Not all items you take to the IKEA store fit their buyback criteria. The following are furniture the store won’t buy back. 

  • Furniture that isn’t from IKEA.
  • Any outdoor furniture. This even includes indoor furniture that’s been outside for some time. 
  • Any IKEA furniture that’s remodified or hacked in any way.
  • Any bed textile products including mattresses, pillows, or blankets.
  • Armchairs and sofas.
  • Unassembled parts of products from IKEA.
  • Soft household furnishings like towels and mattress protectors.
  • Baby and children furniture like cots, changing tables, and beddings.
  • Glass items.
  • Electronic appliances.
  • Kitchen Items like cabinets, fronts, and benchtops.
  • Oversized IKEA furniture.
  • PAX wardrobes and accessories.

I had several of these things and opted to leave them at home. Here are the items I took back and were accepted by IKEA included:

  • Two chairs and two stools.
  • A dresser.
  • A chest of drawers.
  • A desk.
  • Two small tables.
  • A bookcase.

As for all other items I had like sofas, I had to develop different ways or recycle them. My friend went with a set of outdoor furniture that I had. Doing so gave me a few ideas on recycling these remaining items. 

4 Helpful Tips on How to Recycle IKEA Furniture

1. Donating Old Furniture

I visited a charity shop in my area and spoke with the owner about donating the IKEA furniture I had at home. Any person can donate these items to such shops and sell them.

The money they make goes towards funding different helpful projects in the community. Ours employs homeless people giving them a chance to earn a livelihood and get off the streets. 

2. Repurpose Old Furniture

I had a chest of drawers at home that mom had bought elsewhere. Since this wasn’t an IKEA product, I couldn’t take it back with the other items.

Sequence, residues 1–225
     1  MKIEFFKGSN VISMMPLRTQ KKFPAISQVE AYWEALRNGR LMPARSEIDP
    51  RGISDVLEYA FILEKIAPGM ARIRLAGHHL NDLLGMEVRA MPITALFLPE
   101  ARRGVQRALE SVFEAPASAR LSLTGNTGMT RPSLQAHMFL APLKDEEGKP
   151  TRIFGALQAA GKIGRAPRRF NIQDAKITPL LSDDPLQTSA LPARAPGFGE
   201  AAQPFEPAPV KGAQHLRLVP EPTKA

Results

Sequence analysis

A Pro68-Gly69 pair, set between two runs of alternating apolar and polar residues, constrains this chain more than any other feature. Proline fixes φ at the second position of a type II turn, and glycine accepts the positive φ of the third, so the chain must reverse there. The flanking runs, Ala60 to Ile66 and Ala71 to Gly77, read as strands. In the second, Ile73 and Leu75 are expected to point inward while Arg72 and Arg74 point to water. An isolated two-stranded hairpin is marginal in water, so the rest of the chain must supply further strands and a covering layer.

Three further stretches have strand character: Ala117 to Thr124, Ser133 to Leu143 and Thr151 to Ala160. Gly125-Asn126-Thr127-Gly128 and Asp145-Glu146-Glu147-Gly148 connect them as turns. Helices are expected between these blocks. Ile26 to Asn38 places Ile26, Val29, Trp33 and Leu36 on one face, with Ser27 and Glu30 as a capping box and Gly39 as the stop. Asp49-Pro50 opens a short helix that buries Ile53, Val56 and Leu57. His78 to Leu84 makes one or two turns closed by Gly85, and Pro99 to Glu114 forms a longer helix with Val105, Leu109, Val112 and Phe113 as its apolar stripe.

But, a friend gave me a great idea. I turned the old chest of drawers into a planting box with a little love and paint. I placed a potted plant on every shelf and had such a lovely setup. This is now my pride and joy, and even other friends have borrowed the idea. 

Another piece of furniture I’ve taken to my garden is an old armchair. I took off all the stuffing and cloth. Then I coated the wood with a sealant. The chair sits under a tree next to my garden holding a potted fern. 

3. Online and Craft Sale

If you have some furniture that you no longer use and is in good condition, you can sell it secondhand. I had some items that I didn’t get from IKEA but wanted to sell-off.

The good thing is if you have a social media presence, you can display the items for your friends and followers to see. It’s an easy and quite cost-effective way to sell old furniture secondhand. 

Apart from selling online, you can also refurbish and resell the furniture in a craft market. Our town holds an annual secondhand items fair that’s quite popular. People bring items they want to sell off secondhand, and most items find a new home. 

4. Roadside Display

In many places, people leave old furniture by the road with a sign that’s it’s free. This is a popular way to give out items you no longer use if you don’t want to sell them. 

My neighbor did that a while back, and this couple was skipping to the car after snagging four bar stools and a large table. Many people get such items, give them some love and end up with something unique. 

Summing Up  

IKEA has a Buyback Policy, but they don’t accept all IKEA furniture. Those items that they don’t accept can be recycled, reused, or repurposed in other ways. 

The 4 tips above can help you work out what to do with items you no longer use. 

Resources

IKEA

Conserve Energy Future

Green Home Guide